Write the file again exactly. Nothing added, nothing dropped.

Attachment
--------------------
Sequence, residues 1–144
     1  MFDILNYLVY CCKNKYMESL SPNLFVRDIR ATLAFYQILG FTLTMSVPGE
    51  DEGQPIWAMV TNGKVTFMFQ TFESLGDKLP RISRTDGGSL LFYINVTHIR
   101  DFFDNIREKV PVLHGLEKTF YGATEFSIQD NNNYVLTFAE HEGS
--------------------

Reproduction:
Sequence, residues 1–144
     1  MFDILNYLVY CCKNKYMESL SPNLFVRDIR ATLAFYQILG FTLTMSVPGE
    51  DEGQPIWAMV TNGKVTFMFQ TFESLGDKLP RISRTDGGSL LFYINVTHIR
   101  DFFDNIREKV PVLHGLEKTF YGATEFSIQD NNNYVLTFAE HEGS